DNA methylation and obesity traits: An epigenome-wide association study. The REGICOR study

Epigenetics. 2017;12(10):909-916. doi: 10.1080/15592294.2017.1363951. Epub 2017 Nov 27.


Obesity is associated with increased risk of several diseases and has become epidemic. Obesity is highly heritable but the genetic variants identified by genome-wide association studies explain only limited variability. Epigenetics could contribute to explain the missing variability. The study aim was to discover differential methylation patterns related to obesity. We designed an epigenome-wide association study with a discovery phase in a subsample of 641 REGICOR study participants, validated by analysis of 2,515 participants in the Framingham Offspring Study. Blood DNA methylation was assessed using Illumina HumanMethylation450 BeadChip. Next, we meta-analyzed the data using the fixed effects method and performed a functional and pathway analysis using the Ingenuity Pathway Analysis software. We were able to validate 94 CpGs associated with body mass index (BMI) and 49 CpGs associated with waist circumference, located in 95 loci. In addition, we newly discovered 70 CpGs associated with BMI and 33 CpGs related to waist circumference. These CpGs explained 25.94% and 29.22% of the variability of BMI and waist circumference, respectively, in the REGICOR sample. We also evaluated 65 of the 95 validated loci in the GIANT genome-wide association data; 10 of them had Tag SNPs associated with BMI. The top-ranked diseases and functions identified in the functional and pathway analysis were neurologic, psychological, endocrine, and metabolic.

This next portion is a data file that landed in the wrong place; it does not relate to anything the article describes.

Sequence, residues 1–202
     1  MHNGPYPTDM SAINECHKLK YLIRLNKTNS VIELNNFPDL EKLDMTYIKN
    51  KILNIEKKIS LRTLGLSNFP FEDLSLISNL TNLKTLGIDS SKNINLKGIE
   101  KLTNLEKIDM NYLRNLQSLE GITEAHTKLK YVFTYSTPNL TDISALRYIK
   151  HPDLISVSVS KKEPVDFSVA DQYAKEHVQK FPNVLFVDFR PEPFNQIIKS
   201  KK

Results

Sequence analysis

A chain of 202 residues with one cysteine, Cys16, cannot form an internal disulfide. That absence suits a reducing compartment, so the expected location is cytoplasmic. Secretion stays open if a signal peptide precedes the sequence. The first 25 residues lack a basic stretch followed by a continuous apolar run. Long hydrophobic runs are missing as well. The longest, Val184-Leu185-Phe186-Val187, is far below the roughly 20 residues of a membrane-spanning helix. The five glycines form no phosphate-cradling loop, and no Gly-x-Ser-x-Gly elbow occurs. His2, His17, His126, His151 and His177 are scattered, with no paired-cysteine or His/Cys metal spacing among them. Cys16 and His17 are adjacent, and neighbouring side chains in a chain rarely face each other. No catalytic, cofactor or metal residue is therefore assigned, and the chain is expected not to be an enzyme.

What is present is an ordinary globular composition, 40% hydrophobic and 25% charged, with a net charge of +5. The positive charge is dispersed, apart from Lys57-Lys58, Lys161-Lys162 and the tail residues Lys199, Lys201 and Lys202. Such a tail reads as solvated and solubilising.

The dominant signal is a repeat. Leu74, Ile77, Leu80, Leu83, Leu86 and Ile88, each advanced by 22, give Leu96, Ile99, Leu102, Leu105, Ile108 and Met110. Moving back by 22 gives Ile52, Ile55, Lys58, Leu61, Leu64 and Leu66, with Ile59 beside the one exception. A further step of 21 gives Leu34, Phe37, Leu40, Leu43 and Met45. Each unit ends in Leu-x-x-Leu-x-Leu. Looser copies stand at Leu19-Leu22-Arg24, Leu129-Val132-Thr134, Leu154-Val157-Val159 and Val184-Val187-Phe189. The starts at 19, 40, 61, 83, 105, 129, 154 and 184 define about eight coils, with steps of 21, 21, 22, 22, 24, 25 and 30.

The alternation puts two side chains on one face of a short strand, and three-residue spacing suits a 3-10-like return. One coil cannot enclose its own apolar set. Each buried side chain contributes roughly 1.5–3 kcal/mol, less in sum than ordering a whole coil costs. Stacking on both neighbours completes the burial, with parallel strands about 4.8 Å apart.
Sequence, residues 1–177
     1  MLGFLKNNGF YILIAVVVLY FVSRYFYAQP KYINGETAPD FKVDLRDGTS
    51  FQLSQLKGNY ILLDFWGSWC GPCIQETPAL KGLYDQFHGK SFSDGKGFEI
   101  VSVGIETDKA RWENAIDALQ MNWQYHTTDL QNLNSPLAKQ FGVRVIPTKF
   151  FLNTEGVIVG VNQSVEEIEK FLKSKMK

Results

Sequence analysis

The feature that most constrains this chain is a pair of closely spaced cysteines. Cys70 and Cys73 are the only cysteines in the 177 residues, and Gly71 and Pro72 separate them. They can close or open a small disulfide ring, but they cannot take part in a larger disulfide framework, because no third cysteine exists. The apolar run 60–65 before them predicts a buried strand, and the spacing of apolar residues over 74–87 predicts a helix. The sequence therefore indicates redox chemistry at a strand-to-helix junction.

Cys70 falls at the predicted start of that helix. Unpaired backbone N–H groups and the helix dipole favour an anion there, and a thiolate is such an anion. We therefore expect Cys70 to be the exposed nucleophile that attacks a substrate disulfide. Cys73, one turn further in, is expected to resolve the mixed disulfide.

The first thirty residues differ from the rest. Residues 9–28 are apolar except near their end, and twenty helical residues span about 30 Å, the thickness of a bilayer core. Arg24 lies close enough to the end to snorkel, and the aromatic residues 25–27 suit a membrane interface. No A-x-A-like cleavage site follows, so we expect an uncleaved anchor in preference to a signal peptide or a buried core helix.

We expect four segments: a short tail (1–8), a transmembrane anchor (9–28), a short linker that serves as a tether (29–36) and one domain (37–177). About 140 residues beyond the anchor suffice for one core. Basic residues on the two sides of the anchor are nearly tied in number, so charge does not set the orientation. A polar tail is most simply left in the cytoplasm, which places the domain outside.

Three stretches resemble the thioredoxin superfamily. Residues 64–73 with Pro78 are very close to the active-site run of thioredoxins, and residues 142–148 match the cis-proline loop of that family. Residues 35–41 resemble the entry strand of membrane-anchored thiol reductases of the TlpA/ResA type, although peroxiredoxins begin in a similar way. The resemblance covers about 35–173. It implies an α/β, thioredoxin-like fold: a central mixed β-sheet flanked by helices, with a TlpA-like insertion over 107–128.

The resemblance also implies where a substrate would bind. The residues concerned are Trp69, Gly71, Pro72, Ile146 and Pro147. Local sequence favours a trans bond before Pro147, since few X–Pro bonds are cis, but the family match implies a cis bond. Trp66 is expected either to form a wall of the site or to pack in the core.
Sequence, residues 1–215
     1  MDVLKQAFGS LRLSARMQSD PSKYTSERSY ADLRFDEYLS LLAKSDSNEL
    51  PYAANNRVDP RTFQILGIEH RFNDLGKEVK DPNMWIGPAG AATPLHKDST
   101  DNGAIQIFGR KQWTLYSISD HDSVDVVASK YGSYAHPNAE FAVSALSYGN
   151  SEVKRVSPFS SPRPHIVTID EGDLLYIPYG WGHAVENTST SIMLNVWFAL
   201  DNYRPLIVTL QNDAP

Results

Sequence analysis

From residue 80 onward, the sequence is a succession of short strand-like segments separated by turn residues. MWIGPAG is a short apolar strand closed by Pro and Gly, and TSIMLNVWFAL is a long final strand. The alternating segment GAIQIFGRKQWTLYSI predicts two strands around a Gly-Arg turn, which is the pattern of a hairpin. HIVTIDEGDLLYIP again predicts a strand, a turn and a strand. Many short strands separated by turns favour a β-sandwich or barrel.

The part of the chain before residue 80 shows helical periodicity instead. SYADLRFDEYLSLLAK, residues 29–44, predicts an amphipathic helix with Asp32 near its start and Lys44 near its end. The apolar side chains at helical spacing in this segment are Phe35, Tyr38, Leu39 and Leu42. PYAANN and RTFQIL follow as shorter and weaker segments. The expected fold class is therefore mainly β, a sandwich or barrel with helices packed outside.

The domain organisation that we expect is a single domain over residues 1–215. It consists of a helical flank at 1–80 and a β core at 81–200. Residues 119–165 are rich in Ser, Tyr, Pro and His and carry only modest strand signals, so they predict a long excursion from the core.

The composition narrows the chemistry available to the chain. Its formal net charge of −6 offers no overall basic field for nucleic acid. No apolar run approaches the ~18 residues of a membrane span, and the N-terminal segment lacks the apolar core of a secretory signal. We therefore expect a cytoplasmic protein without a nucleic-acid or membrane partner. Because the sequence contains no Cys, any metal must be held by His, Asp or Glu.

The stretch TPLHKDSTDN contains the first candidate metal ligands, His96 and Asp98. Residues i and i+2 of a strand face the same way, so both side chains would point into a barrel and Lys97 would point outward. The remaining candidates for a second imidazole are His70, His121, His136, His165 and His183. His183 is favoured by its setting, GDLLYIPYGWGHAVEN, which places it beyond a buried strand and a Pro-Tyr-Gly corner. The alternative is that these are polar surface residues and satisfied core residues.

Keywords: DNA methylation; body mass index; epigenome-wide study; obesity; waist.

Publication types

  • Research Support, Non-U.S. Gov't

MeSH terms

  • Body Mass Index
  • CpG Islands / genetics
  • DNA Methylation / genetics*
  • Epigenomics*
  • Female
  • Genetic Predisposition to Disease
  • Genome-Wide Association Study*
  • Humans
  • Male
  • Middle Aged
  • Obesity / genetics*
  • Obesity / metabolism
  • Obesity / pathology
  • Polymorphism, Single Nucleotide / genetics
  • Signal Transduction / genetics

Grant support

This work was supported by grants from the Catalan Agència de Gestió d'Ajuts Universitaris de Recerca (2014-SGR-240) and the Spanish Ministry of Economy through the Instituto de Salud Carlos III-FEDER (FIS PI15/00051, PI12/00232, CIBERCV, CIBERESP, Red de Investigación Cardiovascular RD12/0042). S.S-B. was funded by contracts from Instituto de Salud Carlos III-FEDER (IFI14/00007). A.F-S. was funded by the Spanish Ministry of Economy and Competitiveness (BES-2014–069718).